Some 15,000 farmers will be given high-quality; hybrid; disease resistant or less moisture-consuming seeds at subsidized rates, of up to 50 percent of their original cost, for two years. The first batch of seeds have been handed over to farmers, said M Prabhakar, principal scientist, Indian Institute of Horticultural Research (IIHR), which is also based in Bangalore.
The move – part of pan India ‘vegetable initiative for urban clusters’ scheme – will see IIHR supply seeds to farmer groups in Bangalore district and in the neighbouring districts including Bangalore Rural, Kolar, Ramnagaram and Chikkabalapur.
Karnataka declared drought in 142 taluks, or administrative units, last month, according to news reports. IIHR’s research on seeds that can survive in low moisture conditions could help fight food scarcity in the future, Prabhakar said.
IIHR can also assist growers with contingency crop planning, Prabhakar said. Delayed and scanty rainfall across Karnataka has shortened the duration of crop cycles. IIHR can assist farmers in taking to ‘short-duration crops’ which take lesser time to grow, he said.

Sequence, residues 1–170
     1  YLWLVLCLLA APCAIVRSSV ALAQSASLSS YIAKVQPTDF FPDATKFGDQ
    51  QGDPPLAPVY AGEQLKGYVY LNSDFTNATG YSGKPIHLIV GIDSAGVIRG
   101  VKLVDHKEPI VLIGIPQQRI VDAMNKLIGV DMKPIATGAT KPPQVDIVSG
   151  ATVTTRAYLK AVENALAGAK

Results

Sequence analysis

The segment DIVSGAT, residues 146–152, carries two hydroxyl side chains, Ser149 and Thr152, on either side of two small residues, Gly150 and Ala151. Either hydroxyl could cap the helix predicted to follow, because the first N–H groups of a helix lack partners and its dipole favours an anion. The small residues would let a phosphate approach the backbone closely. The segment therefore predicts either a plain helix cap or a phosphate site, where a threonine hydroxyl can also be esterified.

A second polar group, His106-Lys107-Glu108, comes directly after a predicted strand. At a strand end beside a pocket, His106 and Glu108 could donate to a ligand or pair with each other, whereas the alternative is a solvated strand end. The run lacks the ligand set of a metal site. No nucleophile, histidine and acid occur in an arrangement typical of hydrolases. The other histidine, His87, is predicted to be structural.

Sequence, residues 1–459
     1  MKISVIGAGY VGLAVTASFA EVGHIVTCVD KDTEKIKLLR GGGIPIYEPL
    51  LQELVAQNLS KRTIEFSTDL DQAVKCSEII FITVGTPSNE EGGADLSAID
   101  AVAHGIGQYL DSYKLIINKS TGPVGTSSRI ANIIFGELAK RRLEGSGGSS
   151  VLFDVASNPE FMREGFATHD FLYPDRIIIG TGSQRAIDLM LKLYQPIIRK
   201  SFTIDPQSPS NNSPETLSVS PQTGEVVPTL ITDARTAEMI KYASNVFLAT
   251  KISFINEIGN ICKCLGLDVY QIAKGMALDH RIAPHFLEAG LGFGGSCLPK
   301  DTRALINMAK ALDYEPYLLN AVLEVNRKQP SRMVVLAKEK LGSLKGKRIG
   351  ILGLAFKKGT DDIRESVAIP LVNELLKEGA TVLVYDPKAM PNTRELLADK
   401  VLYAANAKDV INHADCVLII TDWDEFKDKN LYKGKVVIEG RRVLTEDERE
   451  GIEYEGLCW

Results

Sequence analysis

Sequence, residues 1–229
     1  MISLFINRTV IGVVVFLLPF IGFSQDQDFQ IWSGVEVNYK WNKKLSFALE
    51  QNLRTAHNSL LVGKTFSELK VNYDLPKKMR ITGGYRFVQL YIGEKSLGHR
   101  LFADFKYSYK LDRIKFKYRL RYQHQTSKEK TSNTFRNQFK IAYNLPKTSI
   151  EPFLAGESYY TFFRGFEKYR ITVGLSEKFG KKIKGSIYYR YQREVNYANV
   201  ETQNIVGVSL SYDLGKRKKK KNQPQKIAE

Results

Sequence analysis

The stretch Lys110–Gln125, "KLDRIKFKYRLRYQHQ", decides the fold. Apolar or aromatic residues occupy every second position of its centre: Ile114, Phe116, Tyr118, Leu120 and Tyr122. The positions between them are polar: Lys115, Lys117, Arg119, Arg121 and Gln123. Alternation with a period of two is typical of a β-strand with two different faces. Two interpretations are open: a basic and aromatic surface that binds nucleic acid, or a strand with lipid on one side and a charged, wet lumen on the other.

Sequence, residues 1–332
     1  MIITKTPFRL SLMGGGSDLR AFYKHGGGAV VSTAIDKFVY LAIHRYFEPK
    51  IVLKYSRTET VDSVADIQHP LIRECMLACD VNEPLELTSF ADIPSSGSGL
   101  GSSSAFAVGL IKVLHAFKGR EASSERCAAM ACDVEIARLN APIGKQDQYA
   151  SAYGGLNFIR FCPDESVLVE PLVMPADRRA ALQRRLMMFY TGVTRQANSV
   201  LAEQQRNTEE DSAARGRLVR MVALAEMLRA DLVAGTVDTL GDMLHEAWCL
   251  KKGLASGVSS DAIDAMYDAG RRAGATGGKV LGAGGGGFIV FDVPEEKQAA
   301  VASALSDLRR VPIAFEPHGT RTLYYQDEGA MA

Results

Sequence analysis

“September to October is typically when the monsoon peaks for a second time in India and farmers can push short duration crops till mid-November,”Prabhakar said.
The ‘vegetable initiative’, part of a larger mission to improve agricultural practices in India, aims to develop highly productive vegetable clusters that supply quality vegetables to one city or town in every Indian state that has a population of one million and above.